Ask Alexandra – August 2001

Question #1:

Dear Alexandra,

A few years back, I seen you doing a special on the effects of population growth. Recently I found a site called Seeds of Simplicity that has your name listed. I am interested in these topics. Also, can you recommend any books on these subjects. I was not aware you were an actress, and a triathlete too. I admire the motivation and drive you have for your interest.

Take care,


Dear Tom,

The book that made me aware of the seriousness of human population growth was Paul & Anne Erlich’s 1968 book, “The Population Bomb”. I think if you read some of their more recent work you will learn a lot. What they write is heavy, but they write in a style that is easy to read (I hate books that are too didactic and dry).

Also, anything by Paul Hawken is wonderful on the issues of human overpopulation and how we are mismanaging our planet’s resources. In terms of consumption, once again Paul Hawken has written a lot on the subject, but my introduction to the issue was reading Alan Durning’s “How Much is Enough?” and then “Stuff”. You can contact his organization, Northwest Environment Watch at for his concise and easy-to-read books. I think I have read 5 of the books that group has put out and I highly recommend them.

Also, organizations like Seeds of Simplicity and Center for the New American Dream can recommend excellent books on consumption.

Thank you for being interested in these issues. For more summer reading ideas, look at the book recommendation section on this website!

Best wishes,


Question #2:


I have a problem, My two older children (12, 13) race road bicycles here in New England. They have both won a lot of thier age group races. My son is 13, my daughter is 12. My daughter Alyssa keeps trying to compare herself to her brother and now wants to quit riding because she is not as fast. We have always told all our kids that Cycling is about fun and fitness, and that if you finish that is success. With the media’s portrayal of unrealistic silicone filled

body types, we have used you, Wendy Ingraham, and Allison Dunlap among others as examples of realistic female athletes. We can’t convince Alyssa that she is a fine athlete and person.


Bill Crowther (Daughter Alyssa Crowther)

Dear Bill,

The following is a letter to your daughter:

Dear Alyssa,

Your dad tells me that you are really enjoy cycling and that you are also very good at it, but that you are frustrated that you don’t always win. I want to encourage you not to quit something because you are not coming in first in the races. There are other ways to measure success and the most important one is “Does it make you happy?” If you are doing something you enjoy, you can’t lose.

Here is a story that really taught me a lot:

When I was twelve, I was on the summer swim team. I was a very good swimmer, especially in breaststroke. There was only one girl, Whitney Perkins (I remember her name even 25 years later) who could beat me, and she was from a nearby town. I was determined to beat her when we swam against each other in the end-of-the-summer championships, so I trained extra hard. Not only did I go to swim practice, but I trained on my own for another hour each day. I swam across the lake in Connecticut where I grew up daily to gain stamina, and I sought advice from the lifeguards to perfect my stroke When the big race came, beating Whitney was important because of all the work I had put into it, and I was very nervous. We raced the 50 yard breastroke, and I lost by a hair. I was disappointed at first, but then I realized that what meant more to me was how fulfilling it was to really train hard for something. No one would ever know how hard I trained, but I knew and I was very proud of myself for that. Also, during my training swims I had felt really happy, because I really love to swim. Like my friend Jim Garfield says, “It is the joy of the journey that counts”.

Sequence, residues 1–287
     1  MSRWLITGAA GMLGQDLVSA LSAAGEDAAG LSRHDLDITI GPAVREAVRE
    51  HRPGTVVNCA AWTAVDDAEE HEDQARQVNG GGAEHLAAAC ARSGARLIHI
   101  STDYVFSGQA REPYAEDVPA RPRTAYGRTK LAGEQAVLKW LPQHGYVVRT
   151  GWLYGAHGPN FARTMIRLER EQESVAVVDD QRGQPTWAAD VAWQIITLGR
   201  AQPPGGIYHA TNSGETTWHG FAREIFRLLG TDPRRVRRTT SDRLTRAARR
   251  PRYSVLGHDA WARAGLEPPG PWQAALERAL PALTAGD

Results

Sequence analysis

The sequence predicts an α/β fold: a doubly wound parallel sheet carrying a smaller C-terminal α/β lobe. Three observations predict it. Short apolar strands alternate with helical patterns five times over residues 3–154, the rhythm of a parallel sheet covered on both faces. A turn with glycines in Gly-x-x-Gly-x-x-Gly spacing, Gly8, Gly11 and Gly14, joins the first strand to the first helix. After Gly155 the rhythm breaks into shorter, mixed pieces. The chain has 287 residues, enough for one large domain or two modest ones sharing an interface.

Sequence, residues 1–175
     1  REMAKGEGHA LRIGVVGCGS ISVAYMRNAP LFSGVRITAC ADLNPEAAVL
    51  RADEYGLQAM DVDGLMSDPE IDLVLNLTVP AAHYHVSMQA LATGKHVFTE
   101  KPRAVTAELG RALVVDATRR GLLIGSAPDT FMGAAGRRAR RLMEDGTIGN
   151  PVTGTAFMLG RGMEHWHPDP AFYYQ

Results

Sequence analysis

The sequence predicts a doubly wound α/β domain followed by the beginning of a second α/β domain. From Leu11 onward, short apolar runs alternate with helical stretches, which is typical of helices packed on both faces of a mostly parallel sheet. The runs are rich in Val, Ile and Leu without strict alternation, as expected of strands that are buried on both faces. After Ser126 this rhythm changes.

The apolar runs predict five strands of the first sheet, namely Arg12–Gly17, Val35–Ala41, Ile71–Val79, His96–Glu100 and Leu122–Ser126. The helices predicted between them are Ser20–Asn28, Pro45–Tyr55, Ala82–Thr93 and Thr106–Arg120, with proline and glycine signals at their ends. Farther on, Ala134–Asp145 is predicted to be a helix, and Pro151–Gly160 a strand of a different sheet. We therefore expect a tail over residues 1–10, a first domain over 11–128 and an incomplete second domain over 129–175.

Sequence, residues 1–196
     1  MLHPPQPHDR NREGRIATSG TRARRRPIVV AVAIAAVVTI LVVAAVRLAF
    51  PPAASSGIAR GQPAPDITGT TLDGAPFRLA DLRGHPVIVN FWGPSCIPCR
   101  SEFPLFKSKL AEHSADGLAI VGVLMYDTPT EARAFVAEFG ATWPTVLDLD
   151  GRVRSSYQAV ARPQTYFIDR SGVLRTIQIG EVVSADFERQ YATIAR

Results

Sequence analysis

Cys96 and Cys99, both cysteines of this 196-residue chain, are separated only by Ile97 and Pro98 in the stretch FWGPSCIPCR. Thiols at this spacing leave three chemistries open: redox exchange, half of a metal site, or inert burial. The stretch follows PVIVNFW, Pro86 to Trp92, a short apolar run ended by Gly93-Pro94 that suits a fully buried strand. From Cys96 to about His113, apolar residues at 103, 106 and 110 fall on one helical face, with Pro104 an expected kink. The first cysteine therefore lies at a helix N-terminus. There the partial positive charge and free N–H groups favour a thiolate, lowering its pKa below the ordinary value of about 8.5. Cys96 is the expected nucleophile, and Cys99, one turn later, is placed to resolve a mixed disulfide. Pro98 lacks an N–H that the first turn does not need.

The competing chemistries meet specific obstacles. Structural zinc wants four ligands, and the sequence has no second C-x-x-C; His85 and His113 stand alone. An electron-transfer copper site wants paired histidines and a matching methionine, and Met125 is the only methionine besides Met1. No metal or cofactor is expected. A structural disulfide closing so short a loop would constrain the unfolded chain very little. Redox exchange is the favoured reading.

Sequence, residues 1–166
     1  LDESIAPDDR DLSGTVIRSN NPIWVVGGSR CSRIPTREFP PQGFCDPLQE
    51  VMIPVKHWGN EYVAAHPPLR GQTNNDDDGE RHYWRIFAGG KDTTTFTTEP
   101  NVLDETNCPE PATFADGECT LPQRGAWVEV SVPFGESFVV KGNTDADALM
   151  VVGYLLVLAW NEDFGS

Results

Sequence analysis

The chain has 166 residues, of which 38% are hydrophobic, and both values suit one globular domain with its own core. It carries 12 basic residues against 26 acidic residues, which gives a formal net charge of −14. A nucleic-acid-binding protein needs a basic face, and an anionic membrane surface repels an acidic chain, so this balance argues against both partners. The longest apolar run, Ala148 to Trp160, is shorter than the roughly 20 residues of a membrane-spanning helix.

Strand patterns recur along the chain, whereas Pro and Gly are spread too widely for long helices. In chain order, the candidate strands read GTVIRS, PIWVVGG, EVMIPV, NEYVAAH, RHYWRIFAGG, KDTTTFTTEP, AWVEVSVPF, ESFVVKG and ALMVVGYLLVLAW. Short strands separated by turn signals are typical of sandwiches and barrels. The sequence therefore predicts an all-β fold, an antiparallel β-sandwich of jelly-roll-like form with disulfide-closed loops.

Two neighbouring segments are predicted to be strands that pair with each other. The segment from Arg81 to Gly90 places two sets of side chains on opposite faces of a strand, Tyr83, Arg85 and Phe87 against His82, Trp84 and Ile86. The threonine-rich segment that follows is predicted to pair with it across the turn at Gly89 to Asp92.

I think that people who easily win are not as interesting as those who come in 6th, 7th or even last, race after race. I believe it takes more courage and shows more character to stick with something when there is little glory at the end. Those people are in it for the “joy of the journey” and the personal satisfaction of having done a little better than last time, and those are the folks I would prefer to have as my friends and neighbors.

In most of the triathlons and marathons I have done, I have finished in the bottom half of my age group, but I am always having as wonderful a time as the racers miles ahead of me, and I am as proud of myself when I finish as they are of themselves. Don’t give up on your cycling if you love the sport.

The rewards you get from training hard and doing your best are more valuable than any blue ribbon.

Take care,


Question #3:

Dear Alexandra,

I read that you had a childhood filled with horseback riding, swimming, reading and language study. Do you also have any musical talents? And also, who are your favorite muscians?

You are my favorite actress in the whole world!!!!

Bridget W.

Dear Bridget,

If you listen to me sing on the Baywatch CD, you will know I have no musical talent whatsoever! Music is not a huge part of my life, although I listen to country music in my car. Besides country music (I like Garth Brools, K.T. Oslin, Randy Travis, Lori Morgan among others), I like Joan Armatrading, Joan Baez, Jewel, Elton John, Jackson Brown, James Taylor, Holly Near etc. but I have only bought 2 CDs/tapes in the last 3 years, and we only have a boom box at home, not a fancy stereo system.

I admire musicians greatly and music has the power to change my mood and soften my heart, which is a wonderful thing.

Thank you for writing.


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